Temperature shifts, stronger and more frequent storms, drought, fire, and floods… We’re already seeing the effects of climate change manifested in many ways. These changes are placing critical habitats at risk, shifting ecosystems, reducing water supplies, creating health concerns, and generating significant economic costs. And they present significant challenges in terms of preparation, response, and mitigation.
In the not too distant past we were at the mercy of these changes, and we handled them poorly. But by leveraging new tools and capabilities we’re in a better position than ever before to predict, prepare for, and respond to these changes.
What does it take to address and mitigate these challenges, to become resilient? Here are four key GIS building blocks that form the framework.
Access to Great Data
One of the key ingredients for resilience is to have access to the right data to gain understanding, to plan, and to act—data that represents the best of our knowledge, is reliable, and is authoritative. This essential data can’t be locked up and hidden on our servers; it needs to be discoverable and open.
There are already many examples of community portals that provide access to great data. The Group on Earth Observations—GEOSS—is one such community, and Data.gov is another. Many others examples can be found and their numbers are growing as the task of creating open data portals becomes easier.
Esri recently released ArcGIS Open Data as a configurable part of every ArcGIS organization. This new capability will make it easier for all GIS organizations to make their data more open and available, and for anyone to find it.
Services and Applications
Along with opening up data, we also need to unlock the potential of that data—to tap into the knowledge contained within. This requires tools, best implemented as services, which can be applied to that data to leverage its intrinsic knowledge. Great tools can amplify and make “just data” more useful and valuable.
But tools alone don’t make it possible to reach our intended audience; we also need to frame them in larger user experiences—as applications. These applications should be finely tuned to our intended users, whether that be scientists, GIS colleagues, decision makers, or the public.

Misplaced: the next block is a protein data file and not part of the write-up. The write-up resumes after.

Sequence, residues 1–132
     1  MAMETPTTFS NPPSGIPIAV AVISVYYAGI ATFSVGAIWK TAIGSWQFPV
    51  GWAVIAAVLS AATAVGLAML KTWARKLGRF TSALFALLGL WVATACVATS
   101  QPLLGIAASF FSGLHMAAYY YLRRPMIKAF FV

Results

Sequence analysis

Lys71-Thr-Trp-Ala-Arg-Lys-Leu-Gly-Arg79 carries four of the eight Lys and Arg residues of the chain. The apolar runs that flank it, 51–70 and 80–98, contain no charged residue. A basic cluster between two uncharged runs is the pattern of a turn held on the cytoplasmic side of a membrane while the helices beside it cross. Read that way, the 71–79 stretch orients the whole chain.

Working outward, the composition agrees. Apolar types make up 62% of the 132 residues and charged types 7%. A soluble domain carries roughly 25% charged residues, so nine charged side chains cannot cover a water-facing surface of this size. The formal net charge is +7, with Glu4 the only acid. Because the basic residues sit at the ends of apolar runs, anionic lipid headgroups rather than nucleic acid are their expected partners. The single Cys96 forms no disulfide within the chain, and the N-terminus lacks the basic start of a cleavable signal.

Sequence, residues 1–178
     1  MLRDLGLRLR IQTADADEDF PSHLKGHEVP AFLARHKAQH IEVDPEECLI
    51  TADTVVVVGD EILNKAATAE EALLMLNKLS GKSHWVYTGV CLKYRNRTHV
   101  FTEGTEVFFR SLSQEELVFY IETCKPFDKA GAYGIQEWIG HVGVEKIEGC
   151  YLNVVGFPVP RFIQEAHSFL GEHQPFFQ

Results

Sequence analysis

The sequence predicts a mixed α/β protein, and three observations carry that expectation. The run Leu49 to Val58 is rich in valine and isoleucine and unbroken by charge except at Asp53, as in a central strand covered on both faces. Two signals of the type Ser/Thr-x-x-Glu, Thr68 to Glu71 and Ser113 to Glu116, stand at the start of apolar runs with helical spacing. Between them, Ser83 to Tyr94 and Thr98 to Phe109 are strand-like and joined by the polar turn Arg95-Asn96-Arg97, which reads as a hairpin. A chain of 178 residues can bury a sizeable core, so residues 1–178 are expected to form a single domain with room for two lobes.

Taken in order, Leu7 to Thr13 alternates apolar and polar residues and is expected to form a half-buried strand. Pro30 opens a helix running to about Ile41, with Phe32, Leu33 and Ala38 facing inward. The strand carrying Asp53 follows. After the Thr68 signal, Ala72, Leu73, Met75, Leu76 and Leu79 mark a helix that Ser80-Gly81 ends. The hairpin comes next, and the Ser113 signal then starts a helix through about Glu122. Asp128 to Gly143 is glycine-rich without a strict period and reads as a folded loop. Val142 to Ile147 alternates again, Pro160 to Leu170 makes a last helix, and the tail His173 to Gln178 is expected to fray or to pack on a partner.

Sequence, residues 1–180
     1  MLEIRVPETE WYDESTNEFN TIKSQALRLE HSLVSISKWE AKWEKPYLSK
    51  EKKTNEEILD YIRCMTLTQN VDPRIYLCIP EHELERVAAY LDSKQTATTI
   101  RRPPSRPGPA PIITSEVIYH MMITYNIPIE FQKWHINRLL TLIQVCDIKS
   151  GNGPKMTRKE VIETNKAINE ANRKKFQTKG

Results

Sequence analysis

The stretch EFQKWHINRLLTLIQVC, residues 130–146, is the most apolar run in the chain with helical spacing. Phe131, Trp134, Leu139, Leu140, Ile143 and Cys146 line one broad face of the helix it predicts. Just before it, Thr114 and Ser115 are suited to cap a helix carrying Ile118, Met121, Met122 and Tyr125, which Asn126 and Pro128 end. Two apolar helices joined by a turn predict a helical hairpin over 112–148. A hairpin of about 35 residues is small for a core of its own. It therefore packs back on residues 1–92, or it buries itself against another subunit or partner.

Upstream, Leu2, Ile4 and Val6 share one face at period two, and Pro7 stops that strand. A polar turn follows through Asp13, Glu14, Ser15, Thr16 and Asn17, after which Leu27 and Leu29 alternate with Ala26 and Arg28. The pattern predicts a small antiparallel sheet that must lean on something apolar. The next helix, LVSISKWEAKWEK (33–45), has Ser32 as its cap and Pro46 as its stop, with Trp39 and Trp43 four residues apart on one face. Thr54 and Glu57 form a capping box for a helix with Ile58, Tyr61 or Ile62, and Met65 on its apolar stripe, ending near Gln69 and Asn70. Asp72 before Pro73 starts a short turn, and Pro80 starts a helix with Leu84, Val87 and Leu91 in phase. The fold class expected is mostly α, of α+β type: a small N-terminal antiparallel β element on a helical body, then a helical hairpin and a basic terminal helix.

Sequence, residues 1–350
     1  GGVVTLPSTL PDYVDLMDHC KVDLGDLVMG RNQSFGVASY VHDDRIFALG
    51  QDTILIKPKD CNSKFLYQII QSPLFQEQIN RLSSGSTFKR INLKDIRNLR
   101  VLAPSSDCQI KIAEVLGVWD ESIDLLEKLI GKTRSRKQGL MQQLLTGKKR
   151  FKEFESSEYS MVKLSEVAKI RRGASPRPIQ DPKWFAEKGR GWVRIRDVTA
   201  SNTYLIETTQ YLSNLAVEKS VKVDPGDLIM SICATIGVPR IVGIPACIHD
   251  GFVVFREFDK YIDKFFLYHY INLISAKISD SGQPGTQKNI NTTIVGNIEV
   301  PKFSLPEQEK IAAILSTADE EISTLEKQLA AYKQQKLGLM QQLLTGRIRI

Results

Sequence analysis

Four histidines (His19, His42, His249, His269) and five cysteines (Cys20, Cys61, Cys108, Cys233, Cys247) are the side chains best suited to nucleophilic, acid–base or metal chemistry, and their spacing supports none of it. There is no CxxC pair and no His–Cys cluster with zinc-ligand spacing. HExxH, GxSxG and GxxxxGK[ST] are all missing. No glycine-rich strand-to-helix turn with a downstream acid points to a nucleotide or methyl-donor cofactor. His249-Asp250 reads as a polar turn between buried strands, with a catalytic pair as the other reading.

Examples of good tools that work against good data that are targeted to specific audiences effectively through applications include The Nature Conservancy’s Coastal Resilience 2.0, and the World Resources Institute’s Global Forest Watch-Commodities platform.
To become resilient, we also need to open up communication and create awareness. We need to deliver information about important topics and issues, and most importantly begin conversations about them. And we can do that by telling stories with maps.
Esri Story Maps are a very popular and effective way to communicate, and you’ve probably already made a few of your own. Story Maps combine interactive maps and multimedia—text, photos, videos, even 3D Web Scenes, and more—to create elegant user experiences. And they make it easy to use the power of maps to tell your stories.
The essence of driving change, making better decisions, and becoming more resilient is rooted in collaboration. And when you apply GIS to that collaboration process, something powerful happens: you enable deeper understanding, and more informed decisions; you open minds, and open opportunities.
GeoPlanner for ArcGIS provides a GIS-based platform to support all the steps of land-based planning. From project creation and data management to creating and evaluating scenarios and preparing project reports, you can manage all aspects of your planning process more efficiently and collaboratively by applying the principles of geodesign.
Building a Resilient Future
As GIS practitioners we face many different challenges, and those brought on by climate change are among them. With a GIS framework built on access to great data, services and applications, communication, and collaboration, we now have available the tools and capabilities to meet these challenges and build a more resilient future.